Virtual Tours can help tourist industry struggling in the wake of COVID-19
Virtual Tours can help tourist industry. Even as people try to curb the spread of the virus by canceling their travel plans and staying at home, many of us still have the travel bug. Luckily, many destinations have turned to virtual reality and 360-degree content to inspire and attract travelers over the last several years. For people stuck at home, that kind of content will be especially welcome right now.
“People are already seeking out all sorts of alternative ways of connecting with one another, with culture, with the natural world,” says Jeremy Smith, editor of the tourism industry news site Travindy. “Destinations and travel businesses should not be scared of this. They should embrace it, support and encourage people, which could be as simple as pointing them towards online resources like webcams at watering holes in national parks, free virtual museums, and Google Arts and Culture VR films.” Several Chinese attractions are already taking advantage of technology to offer virtual tours in the wake of the coronavirus.
The benefits of virtual tours don’t end once the pandemic does finally ebb. South Carolina State Parks launched a five-minute VR version of the strenuous hike up Table Rock Mountain in January of this year so people with mobility or health restrictions can also enjoy the 3.6-mile trek. Offering VR experiences such as this one for typically popular destinations can also proactively slow environmental degradation and overcrowding once people start traveling again.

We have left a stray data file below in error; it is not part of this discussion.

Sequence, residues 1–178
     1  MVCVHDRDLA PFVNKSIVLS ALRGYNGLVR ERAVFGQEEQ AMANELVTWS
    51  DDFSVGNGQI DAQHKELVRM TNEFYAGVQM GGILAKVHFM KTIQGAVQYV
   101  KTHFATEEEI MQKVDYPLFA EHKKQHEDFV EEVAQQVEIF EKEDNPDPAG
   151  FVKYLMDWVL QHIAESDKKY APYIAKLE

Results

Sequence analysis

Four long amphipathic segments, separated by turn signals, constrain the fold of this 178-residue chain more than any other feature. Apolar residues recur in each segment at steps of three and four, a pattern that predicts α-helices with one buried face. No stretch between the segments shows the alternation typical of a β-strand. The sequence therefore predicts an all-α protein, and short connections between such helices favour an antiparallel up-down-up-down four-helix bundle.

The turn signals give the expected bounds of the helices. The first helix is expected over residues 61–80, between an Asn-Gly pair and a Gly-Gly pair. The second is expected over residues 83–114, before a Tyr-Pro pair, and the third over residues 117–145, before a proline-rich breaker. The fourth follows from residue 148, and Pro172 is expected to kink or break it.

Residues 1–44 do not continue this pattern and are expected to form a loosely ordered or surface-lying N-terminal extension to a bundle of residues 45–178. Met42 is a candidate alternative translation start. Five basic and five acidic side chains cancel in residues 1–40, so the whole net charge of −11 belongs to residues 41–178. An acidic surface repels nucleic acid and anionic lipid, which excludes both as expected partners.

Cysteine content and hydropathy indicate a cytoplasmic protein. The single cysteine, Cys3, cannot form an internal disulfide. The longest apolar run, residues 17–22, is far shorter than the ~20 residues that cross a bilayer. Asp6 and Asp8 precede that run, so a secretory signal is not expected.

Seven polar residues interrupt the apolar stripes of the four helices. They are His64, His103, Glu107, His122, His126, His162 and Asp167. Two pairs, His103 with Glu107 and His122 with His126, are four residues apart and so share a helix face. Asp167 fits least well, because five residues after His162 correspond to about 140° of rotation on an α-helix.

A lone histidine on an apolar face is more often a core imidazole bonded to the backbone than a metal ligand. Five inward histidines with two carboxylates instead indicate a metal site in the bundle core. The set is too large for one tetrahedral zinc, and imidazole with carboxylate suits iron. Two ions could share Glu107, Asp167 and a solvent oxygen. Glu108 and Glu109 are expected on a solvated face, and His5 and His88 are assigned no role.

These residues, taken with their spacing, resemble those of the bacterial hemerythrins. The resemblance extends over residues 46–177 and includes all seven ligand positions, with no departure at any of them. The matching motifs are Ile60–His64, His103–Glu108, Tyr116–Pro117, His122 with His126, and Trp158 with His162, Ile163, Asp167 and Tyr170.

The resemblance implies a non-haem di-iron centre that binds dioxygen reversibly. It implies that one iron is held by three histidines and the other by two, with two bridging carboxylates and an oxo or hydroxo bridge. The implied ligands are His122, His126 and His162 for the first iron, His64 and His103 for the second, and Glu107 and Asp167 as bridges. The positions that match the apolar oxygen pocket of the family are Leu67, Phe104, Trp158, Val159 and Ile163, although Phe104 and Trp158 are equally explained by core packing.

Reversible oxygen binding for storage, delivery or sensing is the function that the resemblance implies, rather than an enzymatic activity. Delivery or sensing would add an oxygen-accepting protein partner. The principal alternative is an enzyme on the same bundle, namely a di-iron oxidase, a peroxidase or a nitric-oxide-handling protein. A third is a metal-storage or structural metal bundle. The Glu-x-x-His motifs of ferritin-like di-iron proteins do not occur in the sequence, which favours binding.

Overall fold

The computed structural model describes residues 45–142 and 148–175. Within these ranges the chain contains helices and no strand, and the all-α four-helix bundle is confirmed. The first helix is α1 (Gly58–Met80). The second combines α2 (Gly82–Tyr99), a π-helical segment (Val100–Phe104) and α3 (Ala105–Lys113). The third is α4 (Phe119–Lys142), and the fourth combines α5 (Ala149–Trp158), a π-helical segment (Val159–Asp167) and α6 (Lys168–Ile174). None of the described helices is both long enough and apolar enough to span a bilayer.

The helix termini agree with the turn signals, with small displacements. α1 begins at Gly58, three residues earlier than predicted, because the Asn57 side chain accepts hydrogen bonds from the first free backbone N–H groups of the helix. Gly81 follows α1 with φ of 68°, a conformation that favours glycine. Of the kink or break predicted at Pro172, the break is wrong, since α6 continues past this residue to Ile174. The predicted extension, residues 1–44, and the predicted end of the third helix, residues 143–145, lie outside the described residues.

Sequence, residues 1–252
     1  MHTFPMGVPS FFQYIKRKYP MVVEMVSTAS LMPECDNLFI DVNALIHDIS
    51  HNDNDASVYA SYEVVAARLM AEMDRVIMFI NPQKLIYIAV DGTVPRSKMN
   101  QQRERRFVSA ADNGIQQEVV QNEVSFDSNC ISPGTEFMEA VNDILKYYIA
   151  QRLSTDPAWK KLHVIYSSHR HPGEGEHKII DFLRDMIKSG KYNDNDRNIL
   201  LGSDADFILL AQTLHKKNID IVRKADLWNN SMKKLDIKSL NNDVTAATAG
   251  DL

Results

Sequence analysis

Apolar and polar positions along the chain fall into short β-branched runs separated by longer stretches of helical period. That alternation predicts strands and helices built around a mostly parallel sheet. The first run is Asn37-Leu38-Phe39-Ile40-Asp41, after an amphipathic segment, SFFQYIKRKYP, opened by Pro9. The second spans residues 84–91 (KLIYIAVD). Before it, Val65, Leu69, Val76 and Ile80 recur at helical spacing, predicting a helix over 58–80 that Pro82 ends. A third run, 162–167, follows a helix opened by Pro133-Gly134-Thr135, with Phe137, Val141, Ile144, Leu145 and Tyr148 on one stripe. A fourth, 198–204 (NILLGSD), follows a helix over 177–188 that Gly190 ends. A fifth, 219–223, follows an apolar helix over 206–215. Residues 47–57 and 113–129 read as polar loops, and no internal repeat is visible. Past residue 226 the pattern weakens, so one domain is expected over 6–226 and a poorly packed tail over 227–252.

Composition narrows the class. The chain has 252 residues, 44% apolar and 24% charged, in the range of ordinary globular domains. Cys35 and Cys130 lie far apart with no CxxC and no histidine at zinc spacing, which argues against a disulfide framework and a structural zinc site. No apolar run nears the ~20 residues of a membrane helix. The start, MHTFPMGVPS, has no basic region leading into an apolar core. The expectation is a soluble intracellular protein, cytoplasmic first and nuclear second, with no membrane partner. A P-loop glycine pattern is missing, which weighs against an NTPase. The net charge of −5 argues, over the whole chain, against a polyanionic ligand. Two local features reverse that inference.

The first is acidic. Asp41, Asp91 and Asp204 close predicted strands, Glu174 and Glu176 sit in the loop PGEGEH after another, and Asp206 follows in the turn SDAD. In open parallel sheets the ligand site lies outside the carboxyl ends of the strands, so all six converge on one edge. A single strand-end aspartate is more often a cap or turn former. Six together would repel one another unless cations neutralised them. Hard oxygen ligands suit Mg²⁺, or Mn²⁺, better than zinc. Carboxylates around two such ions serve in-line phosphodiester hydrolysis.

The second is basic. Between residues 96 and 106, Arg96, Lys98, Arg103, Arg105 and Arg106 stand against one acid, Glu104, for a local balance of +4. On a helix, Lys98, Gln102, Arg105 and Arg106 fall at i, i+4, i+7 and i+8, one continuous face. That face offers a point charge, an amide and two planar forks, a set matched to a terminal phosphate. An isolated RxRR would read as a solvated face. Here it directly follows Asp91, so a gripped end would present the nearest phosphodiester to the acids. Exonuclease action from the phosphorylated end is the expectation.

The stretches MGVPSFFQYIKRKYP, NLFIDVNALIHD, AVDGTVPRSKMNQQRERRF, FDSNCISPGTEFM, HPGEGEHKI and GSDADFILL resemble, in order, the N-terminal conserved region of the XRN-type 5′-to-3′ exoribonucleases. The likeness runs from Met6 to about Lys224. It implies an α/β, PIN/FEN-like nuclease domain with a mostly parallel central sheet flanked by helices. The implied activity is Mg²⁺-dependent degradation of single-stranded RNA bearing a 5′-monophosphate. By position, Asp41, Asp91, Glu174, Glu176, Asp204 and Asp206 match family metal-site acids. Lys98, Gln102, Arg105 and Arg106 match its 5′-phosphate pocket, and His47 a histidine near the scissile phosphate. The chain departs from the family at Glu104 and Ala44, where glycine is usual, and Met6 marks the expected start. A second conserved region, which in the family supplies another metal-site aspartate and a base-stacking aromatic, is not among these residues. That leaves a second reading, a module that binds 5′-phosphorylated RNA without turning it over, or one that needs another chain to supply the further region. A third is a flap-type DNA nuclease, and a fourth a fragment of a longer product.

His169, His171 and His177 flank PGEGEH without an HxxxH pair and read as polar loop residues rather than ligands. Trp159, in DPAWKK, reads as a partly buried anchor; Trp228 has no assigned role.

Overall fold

“VR offers the potential to create substitute experiences that may be extremely useful for heritage and natural preservation.” One such example is Egypt’s Tomb of Nefertari, which has been compared to Italy’s Sistine Chapel. Over the years, the size of tour groups allowed in the tomb has shrunk considerably while the ticket price has greatly increased—both of which have been important for preserving and protecting the site. For those who can’t go to Egypt or who are on a tight budget, a VR experience is available.
Virtual Tours can help tourist industry.
A local client in Plettenberg bay has updated here website to include a Virtual Tour. In a hope to attract future tourists once Lock down is over. Elizabeth retired from her family business in Wellington (Mischa Wine Estate) to establish Eventide Lodge on the Bitou river. Her dream of being close to the beach and still maintaining a tranquil farm lifestyle came true. Her passion is now to share her dream with you along with her 6 dogs (5 of them rescues). For more about the Lodge please browse the Rooms, Facilities and Attractions pages.